It was in the 4100 block of Lake Boulevard, that a drunk driver with a blood alcohol level nearly three times the legal limit, struck Baby Izaiah's stroller and forever altered the future course of the toddler and his family.
After six years, multiple surgeries, thousands of hours of therapy and testing Izaiah, now a first grader, is finding his laugh.
His father, Jacob Wallis says progress is slow going but he sees Izaiah making small strides in this journey to a more normal life.
“He is getting the brain recovery back, it's great to see . He is doing everything the doctor said he wouldn't do,” Wallis said.
At 18 months old, Izaiah was hit by teenage drunk driver. The toddler was thrown from this stroller barely recognizable after the collision. At the time his grandfather was pushing him down Lake Boulevard.
“He was internally decapitated and he was blind for about the first month,” Wallis said.
The fact that Izaiah lived was nothing short of a miracle. Jacob says he and his wife Lucy Verde were told their son would likely never progress beyond a vegetative state.
“Just trying to do everything I can to keep him busy. Not being so focused on him being a sick kid in the room all the time,” Wallis said.
Izaiah has permanent brain damage, he's paralyzed from the chest down. His vision is impaired, and he needs a respirator to breathe much of the time.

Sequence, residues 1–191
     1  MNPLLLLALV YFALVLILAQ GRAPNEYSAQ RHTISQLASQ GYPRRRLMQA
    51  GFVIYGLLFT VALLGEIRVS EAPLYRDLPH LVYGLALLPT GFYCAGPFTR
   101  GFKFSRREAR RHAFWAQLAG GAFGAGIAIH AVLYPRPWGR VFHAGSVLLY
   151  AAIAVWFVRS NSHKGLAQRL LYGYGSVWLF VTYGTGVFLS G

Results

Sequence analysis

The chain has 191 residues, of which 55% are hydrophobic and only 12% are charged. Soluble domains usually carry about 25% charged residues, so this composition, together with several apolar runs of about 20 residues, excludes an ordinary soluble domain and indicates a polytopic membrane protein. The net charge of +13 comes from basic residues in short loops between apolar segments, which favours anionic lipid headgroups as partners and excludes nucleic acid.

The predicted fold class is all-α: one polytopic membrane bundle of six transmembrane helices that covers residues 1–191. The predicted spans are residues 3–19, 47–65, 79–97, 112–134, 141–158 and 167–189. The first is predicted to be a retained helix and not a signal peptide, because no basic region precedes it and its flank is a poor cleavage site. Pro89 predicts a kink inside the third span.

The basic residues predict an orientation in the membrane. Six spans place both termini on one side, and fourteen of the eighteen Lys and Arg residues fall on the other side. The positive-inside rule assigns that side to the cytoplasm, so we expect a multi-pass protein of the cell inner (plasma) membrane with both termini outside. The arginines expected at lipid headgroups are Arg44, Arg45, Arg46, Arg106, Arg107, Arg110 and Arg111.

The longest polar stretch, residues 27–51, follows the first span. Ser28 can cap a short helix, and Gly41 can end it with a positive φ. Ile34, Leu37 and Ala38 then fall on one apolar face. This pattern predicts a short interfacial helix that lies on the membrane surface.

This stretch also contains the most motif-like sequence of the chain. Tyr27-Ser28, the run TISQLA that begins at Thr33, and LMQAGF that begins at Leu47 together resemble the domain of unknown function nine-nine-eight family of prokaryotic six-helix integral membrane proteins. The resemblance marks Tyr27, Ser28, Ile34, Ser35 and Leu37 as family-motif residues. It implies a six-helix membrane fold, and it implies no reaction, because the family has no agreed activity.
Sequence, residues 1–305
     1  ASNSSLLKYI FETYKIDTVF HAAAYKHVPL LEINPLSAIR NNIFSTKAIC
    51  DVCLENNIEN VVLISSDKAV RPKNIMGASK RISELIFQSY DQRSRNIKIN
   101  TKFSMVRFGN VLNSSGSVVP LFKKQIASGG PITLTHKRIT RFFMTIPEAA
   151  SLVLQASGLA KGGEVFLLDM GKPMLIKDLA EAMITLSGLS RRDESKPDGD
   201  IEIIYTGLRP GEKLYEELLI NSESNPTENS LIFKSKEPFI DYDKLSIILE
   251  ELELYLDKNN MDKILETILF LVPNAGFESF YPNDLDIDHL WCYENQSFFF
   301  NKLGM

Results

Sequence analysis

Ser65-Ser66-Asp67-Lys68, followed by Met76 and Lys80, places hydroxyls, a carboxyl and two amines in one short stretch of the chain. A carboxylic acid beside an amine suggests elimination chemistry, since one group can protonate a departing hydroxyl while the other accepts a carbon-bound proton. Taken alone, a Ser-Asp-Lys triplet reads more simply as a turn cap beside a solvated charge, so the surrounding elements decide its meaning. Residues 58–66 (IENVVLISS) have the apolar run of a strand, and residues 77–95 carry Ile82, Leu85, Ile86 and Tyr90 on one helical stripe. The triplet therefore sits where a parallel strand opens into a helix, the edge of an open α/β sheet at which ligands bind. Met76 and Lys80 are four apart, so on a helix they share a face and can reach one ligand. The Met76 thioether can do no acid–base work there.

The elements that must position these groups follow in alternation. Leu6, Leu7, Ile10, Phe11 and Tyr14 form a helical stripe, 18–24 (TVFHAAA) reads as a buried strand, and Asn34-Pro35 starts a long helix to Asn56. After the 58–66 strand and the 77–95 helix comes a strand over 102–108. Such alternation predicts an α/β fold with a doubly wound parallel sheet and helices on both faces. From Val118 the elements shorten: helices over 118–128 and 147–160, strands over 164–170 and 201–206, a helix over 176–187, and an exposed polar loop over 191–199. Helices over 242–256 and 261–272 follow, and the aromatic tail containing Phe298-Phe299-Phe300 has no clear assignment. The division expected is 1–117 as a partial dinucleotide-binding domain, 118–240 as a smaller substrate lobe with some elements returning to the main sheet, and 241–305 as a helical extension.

Despite the avalanche of hurdles, father and son are finishing the race.
“He's always been a fighter He never gives up and he loves going to therapy,” Wallis said.
In therapy, Izaiah is doing strength training. Exercising his muscles and his damaged brain.
"He's able to hold himself up on his legs. He's definitely doing some crawling getting upper body strength," Wallis said.
It is baby steps for a not-so-"Baby Izaiah" anymore. Still it shows promise and gives his parents hope.
“Every day, I look down the hallway and just wish that I can see him walking towards me and calling me dad. That would probably be the best moment of my life,” Wallis said.
Wallis says if it weren't for the organization "Passion for Kids" and the great generosity of the San Diego community, Izaiah would not have the special care and the family could never afford what has amounted to more than a million dollars in treatment.